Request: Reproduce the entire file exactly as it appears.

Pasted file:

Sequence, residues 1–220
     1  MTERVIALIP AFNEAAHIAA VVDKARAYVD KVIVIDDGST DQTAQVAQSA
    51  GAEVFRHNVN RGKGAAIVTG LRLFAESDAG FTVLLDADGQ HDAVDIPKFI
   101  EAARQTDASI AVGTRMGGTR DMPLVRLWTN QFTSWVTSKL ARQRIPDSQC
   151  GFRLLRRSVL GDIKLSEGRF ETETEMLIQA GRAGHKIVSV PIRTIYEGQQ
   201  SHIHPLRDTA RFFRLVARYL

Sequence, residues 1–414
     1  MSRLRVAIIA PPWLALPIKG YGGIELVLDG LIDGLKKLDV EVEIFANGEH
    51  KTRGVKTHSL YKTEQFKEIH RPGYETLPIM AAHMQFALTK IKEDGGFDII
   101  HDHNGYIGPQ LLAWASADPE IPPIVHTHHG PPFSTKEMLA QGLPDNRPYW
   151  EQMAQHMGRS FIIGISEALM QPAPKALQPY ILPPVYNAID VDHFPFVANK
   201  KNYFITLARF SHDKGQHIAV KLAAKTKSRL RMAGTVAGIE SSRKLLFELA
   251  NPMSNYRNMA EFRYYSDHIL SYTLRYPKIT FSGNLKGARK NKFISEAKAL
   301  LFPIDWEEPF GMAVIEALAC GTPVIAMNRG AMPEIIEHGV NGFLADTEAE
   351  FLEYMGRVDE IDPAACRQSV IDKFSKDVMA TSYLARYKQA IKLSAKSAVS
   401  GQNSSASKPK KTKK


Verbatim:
Sequence, residues 1–220
     1  MTERVIALIP AFNEAAHIAA VVDKARAYVD KVIVIDDGST DQTAQVAQSA
    51  GAEVFRHNVN RGKGAAIVTG LRLFAESDAG FTVLLDADGQ HDAVDIPKFI
   101  EAARQTDASI AVGTRMGGTR DMPLVRLWTN QFTSWVTSKL ARQRIPDSQC
   151  GFRLLRRSVL GDIKLSEGRF ETETEMLIQA GRAGHKIVSV PIRTIYEGQQ
   201  SHIHPLRDTA RFFRLVARYL

Sequence, residues 1–414
     1  MSRLRVAIIA PPWLALPIKG YGGIELVLDG LIDGLKKLDV EVEIFANGEH
    51  KTRGVKTHSL YKTEQFKEIH RPGYETLPIM AAHMQFALTK IKEDGGFDII
   101  HDHNGYIGPQ LLAWASADPE IPPIVHTHHG PPFSTKEMLA QGLPDNRPYW
   151  EQMAQHMGRS FIIGISEALM QPAPKALQPY ILPPVYNAID VDHFPFVANK
   201  KNYFITLARF SHDKGQHIAV KLAAKTKSRL RMAGTVAGIE SSRKLLFELA
   251  NPMSNYRNMA EFRYYSDHIL SYTLRYPKIT FSGNLKGARK NKFISEAKAL
   301  LFPIDWEEPF GMAVIEALAC GTPVIAMNRG AMPEIIEHGV NGFLADTEAE
   351  FLEYMGRVDE IDPAACRQSV IDKFSKDVMA TSYLARYKQA IKLSAKSAVS
   401  GQNSSASKPK KTKK